Songs of Love, Moon, & Wind: Poems from the Chinese
by Kenneth (trn) Rexroth
Reviewed by Chris Faatz
One of the great loves of my reading life has been Kenneth Rexroth's translations from the Chinese and Japanese. Published by New Directions, these slim volumes bear an enormous weight of literary and philosophical prestige. Elegant, searching, and, above all, timeless, Rexroth's Chinese and Japanese translations capture the very essence of what it means to be fully alive, fully engaged. Many of these poems are over one thousand years old, yet they not only stand up to the questions and predicaments and experiences of our time, but they bear eloquent witness to the very meat of what it means to be human.
Imagine my delight, then, when New Directions issued two new compilations from Rexroth's translations, Written on the Sky: Poems from the Japanese and Songs of Love, Moon, and Wind: Poems from the Chinese. The first is culled from his Japanese books; the second is a kind of "best of" selected from the Chinese translations. Let me underline that: these are not new books of poems. Rather, they are selections of the poems already extant in several books, a generous gathering of some of the most beautiful songs of love, war, and human suffering currently available in English.
Take Izumi Shikibu's opening poem from Written on the Sky:
It is the time of rain and snow
I spend sleepless nights
And watch the frost
Frail as your love
Gather in the dawn.
Understated, whispering where others might shout, this is a poem that magically captures a moment, one of a series of moments that one imagines could comprise a whole tale of love, loss, and sorrow. Some of these poems are two lines long, most of them don't run above five. They are concentrated, crystalline, flawless recollections of those points in our lives in which we find ourselves abruptly awake to discover that, at least for now, we are totally and painfully aware of what is going on about and inside of us, later to move on somehow changed.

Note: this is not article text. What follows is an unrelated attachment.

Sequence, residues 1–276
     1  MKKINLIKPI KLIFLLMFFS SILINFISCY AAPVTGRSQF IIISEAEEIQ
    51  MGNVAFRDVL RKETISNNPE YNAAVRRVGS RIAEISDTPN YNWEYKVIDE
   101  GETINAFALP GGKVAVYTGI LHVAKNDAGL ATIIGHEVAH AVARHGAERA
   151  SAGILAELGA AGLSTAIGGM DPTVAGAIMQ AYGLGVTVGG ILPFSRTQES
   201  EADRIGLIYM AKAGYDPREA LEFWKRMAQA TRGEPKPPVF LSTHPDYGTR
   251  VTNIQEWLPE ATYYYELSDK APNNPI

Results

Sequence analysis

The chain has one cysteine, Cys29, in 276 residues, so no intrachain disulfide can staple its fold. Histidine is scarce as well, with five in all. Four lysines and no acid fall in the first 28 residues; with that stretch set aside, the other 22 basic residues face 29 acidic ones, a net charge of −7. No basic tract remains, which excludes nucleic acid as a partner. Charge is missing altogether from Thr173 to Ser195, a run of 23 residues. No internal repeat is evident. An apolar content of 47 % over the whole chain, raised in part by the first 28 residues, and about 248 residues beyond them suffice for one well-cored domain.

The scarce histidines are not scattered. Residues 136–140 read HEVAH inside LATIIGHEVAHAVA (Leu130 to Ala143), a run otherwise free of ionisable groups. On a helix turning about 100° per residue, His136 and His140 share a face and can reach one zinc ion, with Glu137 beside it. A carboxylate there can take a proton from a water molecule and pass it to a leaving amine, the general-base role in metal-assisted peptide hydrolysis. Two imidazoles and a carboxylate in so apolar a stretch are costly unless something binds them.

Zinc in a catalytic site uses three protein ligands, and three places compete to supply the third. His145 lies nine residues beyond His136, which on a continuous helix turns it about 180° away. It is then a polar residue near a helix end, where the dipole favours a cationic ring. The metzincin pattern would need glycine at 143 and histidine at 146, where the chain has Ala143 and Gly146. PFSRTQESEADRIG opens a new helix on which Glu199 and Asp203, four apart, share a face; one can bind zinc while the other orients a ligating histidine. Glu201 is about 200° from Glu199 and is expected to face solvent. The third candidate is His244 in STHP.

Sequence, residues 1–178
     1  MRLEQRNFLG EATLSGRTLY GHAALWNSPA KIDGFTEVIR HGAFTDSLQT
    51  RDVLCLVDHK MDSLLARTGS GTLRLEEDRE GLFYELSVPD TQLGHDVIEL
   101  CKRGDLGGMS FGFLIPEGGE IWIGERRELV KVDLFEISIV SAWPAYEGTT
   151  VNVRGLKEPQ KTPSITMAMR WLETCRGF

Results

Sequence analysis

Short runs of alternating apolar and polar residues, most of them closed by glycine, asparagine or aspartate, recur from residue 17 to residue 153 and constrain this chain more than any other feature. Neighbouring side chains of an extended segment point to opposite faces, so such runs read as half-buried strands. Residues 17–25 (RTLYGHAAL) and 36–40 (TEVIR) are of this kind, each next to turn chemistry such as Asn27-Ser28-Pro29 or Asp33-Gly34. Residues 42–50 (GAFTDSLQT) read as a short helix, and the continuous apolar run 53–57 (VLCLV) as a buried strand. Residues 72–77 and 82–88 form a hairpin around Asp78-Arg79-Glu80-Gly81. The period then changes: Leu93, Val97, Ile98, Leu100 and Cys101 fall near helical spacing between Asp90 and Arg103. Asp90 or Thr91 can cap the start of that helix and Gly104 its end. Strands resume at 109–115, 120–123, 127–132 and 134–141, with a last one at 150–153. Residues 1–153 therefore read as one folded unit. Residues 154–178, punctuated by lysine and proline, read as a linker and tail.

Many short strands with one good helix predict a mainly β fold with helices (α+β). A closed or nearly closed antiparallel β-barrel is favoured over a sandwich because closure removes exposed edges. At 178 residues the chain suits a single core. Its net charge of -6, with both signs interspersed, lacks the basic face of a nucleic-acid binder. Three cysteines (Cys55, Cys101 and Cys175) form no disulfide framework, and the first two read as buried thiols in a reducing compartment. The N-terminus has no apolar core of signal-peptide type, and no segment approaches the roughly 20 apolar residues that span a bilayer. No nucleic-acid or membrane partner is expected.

Songs of Love, Moon, and Wind is a very different book, indeed. The first point readily apparent to the reader is that these are not the evocative, gem-like ah-ha! pieces of the Japanese. In Songs, we encounter such poets as Tu Fu and Li Ch'ing-Chao, Lu Yu and Su Tung-P'o, poets who use their own experience to explore their world and their place in it. These poems range from the overtly political, dealing with war and social turmoil and collapse, to the deeply personal: lost love, growing old, having another cup of "clear wine." Take the Tu Fu poem, "Dawn over the Mountains":
The city is silent,
Sound drains away,
Buildings vanish in the light of dawn,
Cold sunlight comes on the highest peak,
The thick dust of night
Clings to the hills,
The earth opens,
The river boats are vague,
The still sky --
The sound of falling leaves.
A huge does comes to the garden gate,
Lost from the herd,
Seeking its fellows.
Such beauty, such depth in imagery and in underlying philosophy! The timing is perfect; the poem is a picture of the sublime, of a time of day -- or night -- when anything is possible. And then, a doe -- the natural meets the human, and the writer shares his own loneliness at being separated from "the herd."
In Tu Fu's case that was family and career. A minor court functionary, his life was torn apart by war, several times forcing him to flee approaching armies, and it seems that many of his decisions weren't necessarily the best available to him. Other poets in this fine little book express the same feeling differently. Take "To an Old Tune" by Lu Kuei-Meng:
Men hope to last a hundred years.
Flowers last just for a Spring.
Just one day of wind and rain,
And they are scattered on the earth.
If they knew what was happening to them,
They would be as miserable as men.
Not all of these poems are bleak and relentless, however. Some are positively whimsical, heralds of an experience of joy or profundity that turns their expression into celebration.
by Yuan Mei
Reading in the heat of noon
I grow sleepy, put my head
On my arms and fall asleep.
I forget to close the window
And the warm air blows in
And covers my body with petals.
Both of these books, in short, are splendid. There is much to be gleaned from close readings and re-readings of them. Have fun. You'll not look back.